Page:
Item: “Thousands more children would eat lunches and dinners at school and all school food would become more nutritious under a bill President Obama signed into law Monday, part of an administration-wide effort to combat childhood obesity,” reported an Associated Press story on December 13.
Prior to the passage of the Patient Protection and Affordable Care Act, known colloquially as ObamaCare, the Congressional Budget Office issued an analysis of the bill stating that it would result in a reduction in federal deficits of $143 billion between 2010 and 2019. This projected deficit reduction was never very convincing. It relied on politically untenable cuts in Medicare and Medicaid physician reimbursement — cuts that have already been forestalled for another year by Congress and the President. It counted as savings minor reductions in enormous future outlays. It was skewed because the tax increases in the bill began almost immediately while much of the spending — including, for example, a long-term at-home healthcare benefit that the CBO projected would “add to future federal budget deficits in a large and growing fashion” — will not commence for several years. And it did not include $115 billion in probable additional spending because of the speed with which the bill was rammed through Congress. (Most of these matters were raised by Richard Foster, chief Medicare actuary, in a pair of reports, one during the congressional debate on the bill and one last August.)
On Dec. 7 MSNBC.com reported that the government has conceded there’s too much fluoride in the water, and plans to lower recommended levels — the first change in nearly 50 years.
When Vice Presidential candidate Sarah Palin first used the term “death panels” to reference a provision of Obama’s signature healthcare law, she was mercilessly mocked. She even appeared in MAD Magazine’s Mad 20, which features the top 20 “dumbest” people of 2009, for her mention of what MAD called “imaginary death panels.”
Perhaps to the pleasure of Tea Party activists everywhere, Michigan’s Republican Representative Fred Upton has hinted that House Republicans may have the necessary votes to repeal President Obama’s healthcare law. Additionally, Upton indicates that the House Republicans may have enough votes to override a potential presidential veto of the repeal measure.
Benjamin Franklin is supposed to have said, quite presciently, “When the people find they can vote themselves money, that will herald the end of the republic.” Americans found out in a big way during the 20th century that they could rob their neighbors via the voting booth. And senior citizens, among the most regular and outspoken voters, made sure they got the lion’s share of the loot with two huge entitlement programs: Medicare and Social Security.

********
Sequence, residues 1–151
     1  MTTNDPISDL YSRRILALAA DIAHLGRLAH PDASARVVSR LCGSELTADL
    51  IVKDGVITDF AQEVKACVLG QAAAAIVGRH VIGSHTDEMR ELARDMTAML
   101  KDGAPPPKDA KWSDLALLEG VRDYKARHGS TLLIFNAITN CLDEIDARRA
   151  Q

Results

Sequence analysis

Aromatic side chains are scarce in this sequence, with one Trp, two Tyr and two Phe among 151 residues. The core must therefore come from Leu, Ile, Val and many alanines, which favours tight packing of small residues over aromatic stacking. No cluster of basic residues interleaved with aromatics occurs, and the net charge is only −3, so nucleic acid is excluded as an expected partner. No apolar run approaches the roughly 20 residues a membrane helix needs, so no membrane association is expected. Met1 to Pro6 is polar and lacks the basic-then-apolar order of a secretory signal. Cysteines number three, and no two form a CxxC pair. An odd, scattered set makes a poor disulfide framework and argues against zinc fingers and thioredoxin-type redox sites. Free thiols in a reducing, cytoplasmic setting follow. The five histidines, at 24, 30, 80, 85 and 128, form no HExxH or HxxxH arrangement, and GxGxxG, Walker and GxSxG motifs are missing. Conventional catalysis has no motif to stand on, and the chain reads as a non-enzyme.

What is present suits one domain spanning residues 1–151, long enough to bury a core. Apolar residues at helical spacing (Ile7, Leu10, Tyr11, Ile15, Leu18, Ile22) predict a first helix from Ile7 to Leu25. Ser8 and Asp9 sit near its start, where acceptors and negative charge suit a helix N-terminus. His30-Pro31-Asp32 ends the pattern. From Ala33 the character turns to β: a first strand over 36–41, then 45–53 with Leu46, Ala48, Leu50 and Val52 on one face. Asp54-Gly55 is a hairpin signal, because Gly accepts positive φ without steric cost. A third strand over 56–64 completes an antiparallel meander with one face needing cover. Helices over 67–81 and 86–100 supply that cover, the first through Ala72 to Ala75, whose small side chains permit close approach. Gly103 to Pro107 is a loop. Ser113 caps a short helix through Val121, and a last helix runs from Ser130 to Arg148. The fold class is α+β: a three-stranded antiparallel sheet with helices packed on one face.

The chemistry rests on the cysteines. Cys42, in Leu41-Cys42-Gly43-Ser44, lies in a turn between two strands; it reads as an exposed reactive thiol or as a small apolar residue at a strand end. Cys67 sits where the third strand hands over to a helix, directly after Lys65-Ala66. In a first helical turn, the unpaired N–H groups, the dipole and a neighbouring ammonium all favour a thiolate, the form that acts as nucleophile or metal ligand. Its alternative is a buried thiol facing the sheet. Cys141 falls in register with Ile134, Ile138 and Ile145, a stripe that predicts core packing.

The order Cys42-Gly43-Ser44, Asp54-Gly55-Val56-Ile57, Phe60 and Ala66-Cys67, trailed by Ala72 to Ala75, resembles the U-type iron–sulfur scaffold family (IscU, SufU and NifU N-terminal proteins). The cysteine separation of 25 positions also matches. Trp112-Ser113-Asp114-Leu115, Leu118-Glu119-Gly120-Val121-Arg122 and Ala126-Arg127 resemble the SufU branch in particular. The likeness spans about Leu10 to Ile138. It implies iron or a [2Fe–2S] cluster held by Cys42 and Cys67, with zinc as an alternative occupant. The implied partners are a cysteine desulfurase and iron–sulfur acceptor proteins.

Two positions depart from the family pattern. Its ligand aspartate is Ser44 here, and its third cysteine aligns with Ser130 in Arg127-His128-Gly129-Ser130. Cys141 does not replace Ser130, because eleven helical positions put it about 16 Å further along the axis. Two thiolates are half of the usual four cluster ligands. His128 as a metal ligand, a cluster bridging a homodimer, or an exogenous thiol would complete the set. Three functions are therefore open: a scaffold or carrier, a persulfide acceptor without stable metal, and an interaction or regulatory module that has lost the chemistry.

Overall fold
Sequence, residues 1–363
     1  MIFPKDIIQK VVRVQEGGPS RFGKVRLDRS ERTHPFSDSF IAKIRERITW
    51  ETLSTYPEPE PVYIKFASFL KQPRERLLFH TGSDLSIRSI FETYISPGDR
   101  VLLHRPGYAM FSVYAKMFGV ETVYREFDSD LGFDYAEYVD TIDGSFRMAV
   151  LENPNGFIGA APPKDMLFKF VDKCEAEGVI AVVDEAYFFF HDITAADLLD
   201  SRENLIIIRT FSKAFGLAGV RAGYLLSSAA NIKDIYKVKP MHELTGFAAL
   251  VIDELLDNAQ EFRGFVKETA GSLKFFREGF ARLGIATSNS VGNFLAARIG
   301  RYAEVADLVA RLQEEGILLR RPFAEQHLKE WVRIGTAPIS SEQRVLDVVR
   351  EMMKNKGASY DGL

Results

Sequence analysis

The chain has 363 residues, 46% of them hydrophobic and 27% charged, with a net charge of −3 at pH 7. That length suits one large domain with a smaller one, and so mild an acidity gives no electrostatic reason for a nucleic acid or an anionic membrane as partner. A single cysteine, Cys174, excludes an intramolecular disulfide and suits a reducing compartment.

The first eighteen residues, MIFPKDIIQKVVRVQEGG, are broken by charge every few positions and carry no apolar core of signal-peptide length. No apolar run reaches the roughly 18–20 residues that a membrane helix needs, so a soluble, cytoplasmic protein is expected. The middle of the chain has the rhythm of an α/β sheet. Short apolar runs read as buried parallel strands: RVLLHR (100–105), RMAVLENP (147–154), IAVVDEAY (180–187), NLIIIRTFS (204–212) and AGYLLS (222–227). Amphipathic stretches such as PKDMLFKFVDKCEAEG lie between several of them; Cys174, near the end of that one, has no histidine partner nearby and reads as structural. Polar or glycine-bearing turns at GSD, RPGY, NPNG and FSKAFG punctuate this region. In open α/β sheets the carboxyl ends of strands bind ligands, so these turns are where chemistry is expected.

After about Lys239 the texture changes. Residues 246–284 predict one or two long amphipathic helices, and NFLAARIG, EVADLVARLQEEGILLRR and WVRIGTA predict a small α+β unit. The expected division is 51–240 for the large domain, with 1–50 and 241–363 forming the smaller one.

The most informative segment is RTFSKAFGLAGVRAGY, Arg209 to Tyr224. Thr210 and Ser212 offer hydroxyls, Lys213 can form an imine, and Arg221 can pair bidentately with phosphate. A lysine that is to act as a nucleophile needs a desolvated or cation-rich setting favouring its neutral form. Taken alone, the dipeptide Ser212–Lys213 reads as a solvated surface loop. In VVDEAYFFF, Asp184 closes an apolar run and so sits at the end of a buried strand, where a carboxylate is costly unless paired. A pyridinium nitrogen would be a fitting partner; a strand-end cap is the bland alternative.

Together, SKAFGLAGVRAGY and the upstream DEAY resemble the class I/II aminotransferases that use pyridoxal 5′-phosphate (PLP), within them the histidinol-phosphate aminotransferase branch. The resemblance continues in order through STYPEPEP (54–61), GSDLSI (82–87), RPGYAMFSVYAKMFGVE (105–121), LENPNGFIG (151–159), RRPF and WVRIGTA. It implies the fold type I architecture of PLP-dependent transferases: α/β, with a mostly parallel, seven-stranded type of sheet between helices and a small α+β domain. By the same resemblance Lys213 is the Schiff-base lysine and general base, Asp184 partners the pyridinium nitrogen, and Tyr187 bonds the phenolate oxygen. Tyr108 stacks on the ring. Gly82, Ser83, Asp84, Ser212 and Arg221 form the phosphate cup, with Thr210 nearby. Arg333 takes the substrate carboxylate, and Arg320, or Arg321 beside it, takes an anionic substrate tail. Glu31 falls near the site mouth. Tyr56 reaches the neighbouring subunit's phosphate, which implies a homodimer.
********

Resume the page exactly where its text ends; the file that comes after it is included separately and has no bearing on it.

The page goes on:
When, in 2009, the American Medical Association (AMA) endorsed President Barack Obama’s healthcare reform bill, many Americans probably assumed that most physicians therefore backed the legislation. In fact, that was not the case at all.
If one needs further proof of the ineptness of government agencies, one need look no further than the Centers for Disease Control and Prevention, which reportedly lost millions of dollars worth of property in 2007. The CDC, while it does not dispute the claim, asserts that it has since located 99 percent of the lost property.
Back in September, when Republicans first floated the idea of starving the ObamaCare beast, Health and Human Services Secretary Kathleen Sebelius argued that "what the Republicans will be faced with" when they try to defund ObamaCare "is really taking those benefits away," something the Obama administration was counting on to be a losing proposition for the GOP. The "benefits" to which Sebelius was referring include such things as the prohibition of denying health insurance to persons with pre-existing conditions, the extension of dependent coverage for children up to age 26, and the ban on lifetime coverage caps.
In the original Star Wars, rebels fighting for freedom from the Empire destroyed Darth Vader’s Death Star, which was capable of obliterating an entire planet. The Empire was reluctant to part with such an instrument of death, however, so the Death Star was rebuilt in Return of the Jedi.
If at first you don’t succeed, try and try again. That should be the maxim for the federal government, which continually tries to circumvent the checks and balances system to push controversial measures. The newest example of that involves the implementation of death panels under the new healthcare law. During congressional debates over ObamaCare provisions, public outcry forced Democrats to drop proposed end-of-life planning (a.k.a. death panels) from the healthcare plan. However, the contentious debate over death panels has resurfaced as Democrats are now attempting to enact them via bureaucratic regulations.